If flowers, wreaths and miniature flags seem more plentiful for today’s Memorial Day ceremony, give credit to Wallace Levin, president of the San Francisco Veterans Affairs Commission.
The commission, eight years after receiving $1,000 for the 2000 ceremony, the commission was recently allocated $10,000 for today’s ceremony, which will focus on the 90th anniversary of the United States’ entry into World War I. Only four men from the war are alive today, Levin said.
Levin, who has served on the 15-member commission for more than 25 years, had lobbied to increase the amount of money dedicated for Memorial Day through The City’s Grants for the Arts/San Francisco Hotel Tax program.
The grants are paid through the hotel-tax fund, a 14 percent levy on every San Francisco visitor who stays in a hotel. Eight cents of every dollar collected from that tax goes to the city’s program.
In 2000, Levin, a Korean War veteran, warned that organizers would cancel the Memorial Day ceremony because city officials gave them just $1,000 to pay for the items necessary to stage the event every year, which include 1,500 chairs, flowers, wreaths, miniature flags, programs and promotions. It was by far the smallest amount of money given out by the grant program.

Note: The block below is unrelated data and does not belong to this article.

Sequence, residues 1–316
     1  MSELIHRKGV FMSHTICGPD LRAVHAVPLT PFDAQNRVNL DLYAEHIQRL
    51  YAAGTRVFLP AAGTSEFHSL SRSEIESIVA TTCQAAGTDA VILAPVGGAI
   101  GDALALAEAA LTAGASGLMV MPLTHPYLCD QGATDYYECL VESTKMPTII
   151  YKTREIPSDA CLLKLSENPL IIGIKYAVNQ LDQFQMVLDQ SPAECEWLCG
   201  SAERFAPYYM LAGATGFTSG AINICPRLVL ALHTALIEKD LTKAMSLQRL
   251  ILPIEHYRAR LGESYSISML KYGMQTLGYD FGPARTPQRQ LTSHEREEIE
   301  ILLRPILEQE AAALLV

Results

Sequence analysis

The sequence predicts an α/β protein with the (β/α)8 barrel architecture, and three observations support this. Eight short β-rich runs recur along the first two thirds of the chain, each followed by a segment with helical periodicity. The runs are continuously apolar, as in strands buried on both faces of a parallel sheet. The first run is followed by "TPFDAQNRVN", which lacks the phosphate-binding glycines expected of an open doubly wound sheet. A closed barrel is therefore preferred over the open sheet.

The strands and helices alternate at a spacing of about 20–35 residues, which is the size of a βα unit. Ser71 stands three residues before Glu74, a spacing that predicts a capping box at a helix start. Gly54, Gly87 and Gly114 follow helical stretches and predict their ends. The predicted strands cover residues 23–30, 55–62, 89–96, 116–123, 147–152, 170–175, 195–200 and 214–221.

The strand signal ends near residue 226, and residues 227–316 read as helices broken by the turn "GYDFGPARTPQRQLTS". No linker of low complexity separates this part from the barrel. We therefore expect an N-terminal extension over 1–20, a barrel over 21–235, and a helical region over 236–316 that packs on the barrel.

After a letter to the Board of Supervisors and then-Mayor Willie Brown, the funding stream began to open up. The commission’s grant for Memorial Day increased to $5,000, but Levin wasn’t satisfied. Other events were receiving much more, such as San Francisco’s Carnaval, which was allocated more than $93,000 this year.
“If they’re getting that, then we should get something more for honoring over 2 million service men and women,” Levin said.
The commission, which also plans the Veterans Day parade and provides insight to the Board of Supervisors when veteran issues intersect with city labor policy, is satisfied with this year’s grant, said Commissioner Raymond Wong, a Vietnam War veteran.
Today’s ceremony will focus on World War I, but emotions are also expected to run high during two tributes, one dedicated to Americans killed in Iraq and Afghanistan and another memorializing Rep. Tom Lantos, who recently died after a battle with cancer.
As for the remaining World War I veterans, Levin said this could be the last major anniversary for them.
“When these four die, our connection to history is gone,” he said.